Americans value their stuff, but don’t know where to put it.
Household clutter is nothing new – in fact, it’s as old as the human race itself. From axes and arrowheads in prehistoric caves to dishes and candlesticks among the ruins of Pompeii, our predecessors have left a record of their lives in the possessions they kept piled in their homes.
Did the Cro-Magnons or Pompeians feel stressed when their homes filled up with clutter? There’s no way to be sure. We do know, however, that clutter has become a significant source of frustration and anxiety today. While our piles of boxes and storage bins might be a treasure trove to the archaeologists of the future, consumer surveys and industry trends indicate that Americans are feeling increasingly stressed out by the clutter in their lives and are looking for new ways to deal with it.
A recent survey conducted by Uncle Bob’s Self Storage on trends in home and self-storage indicates that more than 40 percent of Americans feel they have too much stuff in their homes. Furniture, clothing, and collectibles top the list of items that are cluttering up our homes and driving us to seek better storage and organization solutions. Collectibles, files, and work equipment were also prominently mentioned by consumers as contributing to the clutter in their homes.
To understand our clutter problem, we need to understand why we have so much stuff in the first place. Why are our homes filling up with possessions, and why is it so difficult to keep them under control?
New houses, old stuff
Household moves play a major role in making our lives feel cluttered, especially when we’re downsizing our living space. Retirements, job changes, military deployments, and other life events often leave people scrambling to fit their belongings into a smaller home, whether temporarily or permanently.
A desire for security can lead us to hold on to unneeded possessions when our circumstances change. “Homeowners never want to be in need of something,” says architect and home staging expert Ronique Gibson. “We see this when people have to downsize homes. Homeowners don’t realize that they won’t need six televisions in a two-bedroom apartment, and they don’t want to part with any of them.”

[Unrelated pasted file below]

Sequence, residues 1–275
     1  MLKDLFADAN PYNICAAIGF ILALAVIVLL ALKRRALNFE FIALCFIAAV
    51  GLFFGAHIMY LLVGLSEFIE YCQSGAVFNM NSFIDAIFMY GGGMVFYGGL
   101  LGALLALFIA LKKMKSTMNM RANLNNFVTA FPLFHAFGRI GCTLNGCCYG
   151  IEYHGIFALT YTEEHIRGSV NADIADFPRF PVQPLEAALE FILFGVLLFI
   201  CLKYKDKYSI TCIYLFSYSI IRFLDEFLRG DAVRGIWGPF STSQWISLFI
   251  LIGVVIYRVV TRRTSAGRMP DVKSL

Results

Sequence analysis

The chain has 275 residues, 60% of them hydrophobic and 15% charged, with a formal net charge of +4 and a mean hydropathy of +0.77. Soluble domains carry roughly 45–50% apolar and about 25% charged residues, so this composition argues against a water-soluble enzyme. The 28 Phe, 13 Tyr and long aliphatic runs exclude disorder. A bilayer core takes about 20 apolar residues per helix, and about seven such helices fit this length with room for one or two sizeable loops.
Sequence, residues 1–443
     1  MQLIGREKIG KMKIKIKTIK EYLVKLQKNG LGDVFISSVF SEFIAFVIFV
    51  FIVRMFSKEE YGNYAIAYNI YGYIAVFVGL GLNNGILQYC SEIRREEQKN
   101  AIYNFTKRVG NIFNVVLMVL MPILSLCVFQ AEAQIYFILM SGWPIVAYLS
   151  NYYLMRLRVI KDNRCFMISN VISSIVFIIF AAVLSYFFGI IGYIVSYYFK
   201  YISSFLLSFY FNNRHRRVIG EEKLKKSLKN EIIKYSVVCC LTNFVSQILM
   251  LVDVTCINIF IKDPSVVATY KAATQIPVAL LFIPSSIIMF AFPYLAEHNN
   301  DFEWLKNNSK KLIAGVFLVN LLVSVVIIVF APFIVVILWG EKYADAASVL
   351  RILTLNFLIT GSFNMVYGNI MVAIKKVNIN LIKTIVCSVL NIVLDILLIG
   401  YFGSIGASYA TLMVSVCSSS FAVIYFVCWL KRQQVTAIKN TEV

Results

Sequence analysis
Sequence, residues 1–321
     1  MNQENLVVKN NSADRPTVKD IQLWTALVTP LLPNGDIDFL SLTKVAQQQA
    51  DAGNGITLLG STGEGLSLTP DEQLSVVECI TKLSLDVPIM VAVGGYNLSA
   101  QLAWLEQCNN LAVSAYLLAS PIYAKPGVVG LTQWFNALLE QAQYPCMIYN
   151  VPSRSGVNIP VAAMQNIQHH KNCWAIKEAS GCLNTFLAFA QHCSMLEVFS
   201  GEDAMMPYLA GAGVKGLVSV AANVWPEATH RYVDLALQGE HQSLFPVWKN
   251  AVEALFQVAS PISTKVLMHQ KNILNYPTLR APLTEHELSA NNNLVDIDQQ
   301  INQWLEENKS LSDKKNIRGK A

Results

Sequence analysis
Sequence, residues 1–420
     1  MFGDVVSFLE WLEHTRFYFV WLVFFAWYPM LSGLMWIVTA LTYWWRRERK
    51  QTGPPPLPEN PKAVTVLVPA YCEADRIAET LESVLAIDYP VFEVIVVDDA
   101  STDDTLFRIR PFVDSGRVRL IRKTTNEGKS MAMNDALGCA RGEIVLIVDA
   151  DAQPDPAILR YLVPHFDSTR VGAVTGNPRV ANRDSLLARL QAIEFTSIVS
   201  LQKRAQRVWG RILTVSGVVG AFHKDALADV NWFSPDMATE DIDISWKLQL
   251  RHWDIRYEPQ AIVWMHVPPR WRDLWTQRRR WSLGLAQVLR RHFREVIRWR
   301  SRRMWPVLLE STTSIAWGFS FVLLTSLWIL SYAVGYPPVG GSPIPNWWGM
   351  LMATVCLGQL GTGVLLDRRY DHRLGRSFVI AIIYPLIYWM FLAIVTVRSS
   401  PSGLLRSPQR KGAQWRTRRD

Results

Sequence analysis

Our approach toward marriage may also be contributing to our clutter frustration. U.S. Census Bureau data indicates that since 1970, the median age for a woman’s first marriage has increased from 20 to 26, and the median age for men has increased from 23 to 28. With Americans getting married later in life, today’s newlyweds have had several additional years to accumulate belongings. Married couples of prior generations were often starting out with only a carload of wedding presents, while today’s married couples are increasingly faced with the challenge of fitting two entire households’ worth of furniture, kitchenware, and other belongings into their new home.
Trouble letting go
Another primary cause of our clutter problem is our reluctance to get rid of things we don’t need. In a survey of self-storage customers in the United States, consumers reported that most of the items they have in storage were items that they use rarely or not at all. This raises an interesting question: if we know that we are never going to use certain things, why do we feel that it’s important to hold on to them?
“There are several reasons why people hold onto things they no longer need,” says Andi Willis, a professional organizer and the owner of Good Life Organizing. “The first and most difficult to deal with are sentimental reasons. I’ve seen families hampered with generations of items that are not bringing them any happiness, because the volume and lack of proper storage has turned heirlooms simply into more clutter.”
Gibson agrees. “Sentimental items are the hardest to part with,” she says. “We all have items that are sentimental, whether they are from a childhood memory, a family member who has passed, historical items, or just plain nostalgic items that we don’t want to part with. Many homeowners take this notion to the extreme, wanting to keep the entire wardrobe of a deceased relative, for example, or wanting to keep enormous collections of antiques that can’t fit in their homes.”
Extra stuff = extra stress
Our propensity to hold on to clutter might be a simple inconvenience if it weren’t for the fact that all those extra belongings are contributing to higher stress levels.
Many Americans report feeling stressed about the amount of stuff they have and say that they don’t like to use their homes for storage. In the home storage survey, the majority of Americans said that they devote less than 10 percent of their homes to storage, while the majority in Canada and the UK reported using 20 percent or more.
Willis believes this may be due to a shift in American home designs. “Our living spaces have grown so much that the space for longer term storage has shrunken exponentially,” she says. “Great attention is put into everyday spaces like walk-in closets and kitchen pantries, but not so much in storage spaces like attics and garages.”